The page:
• Employed full-time: 40%
  • Employed part-time: 9%
  • Internship: 5%
  • Graduate school: 15%
  • Actively seeking employment: 21%
  • Held a part-time job while at SDSU: 69%
  • Average reported salary
    - Undergraduate: $40,080
    - Graduate: $57,193

December 2010

(36% Response Rate)

  • Employed full-time: 47%
  • Employed part-time: 8.5%
  • Internship: 5%
  • Graduate school: 9.5%
  • Actively seeking employment: 23%
  • Held a part-time job while at SDSU: 70%
  • Average reported salary
    - Undergraduate: $42,433
    - Graduate: $67,537

Tutors in the Residence Halls

photo: students outside the STAR center

The Residential Education Office’s STAR (Students Taking Academic Responsibility) centers provide tutors in the residence halls. The three STAR centers averaged 350-400 visitors per week, with an average length of stay at two hours per student. They offer tutoring in chemistry, biology, math, statistics, and writing.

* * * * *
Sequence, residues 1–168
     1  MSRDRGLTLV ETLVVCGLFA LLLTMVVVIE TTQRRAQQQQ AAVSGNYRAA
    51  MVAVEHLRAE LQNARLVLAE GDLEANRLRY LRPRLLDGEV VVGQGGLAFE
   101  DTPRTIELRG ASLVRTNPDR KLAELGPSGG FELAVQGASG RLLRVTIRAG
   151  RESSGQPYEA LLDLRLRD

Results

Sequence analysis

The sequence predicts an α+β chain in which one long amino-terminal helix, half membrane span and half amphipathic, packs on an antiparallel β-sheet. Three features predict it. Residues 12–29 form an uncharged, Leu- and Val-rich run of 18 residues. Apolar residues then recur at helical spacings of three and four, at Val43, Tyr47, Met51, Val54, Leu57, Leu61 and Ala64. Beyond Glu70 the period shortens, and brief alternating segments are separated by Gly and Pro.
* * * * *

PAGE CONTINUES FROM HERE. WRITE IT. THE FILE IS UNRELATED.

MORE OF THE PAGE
Alcohol-free Events for Students

photo: students at the Templo del Sol event

The fourth annual Aztec Nights provided alcohol-free programming for students. The events have become campus traditions and most importantly, have reduced alcohol violations 50 percent from 2007 levels. Individual events draw large campus crowds ranging from 500 to 4,000 students. Some of the most popular events are a campus carnival, an outdoor movie screening, and concerts.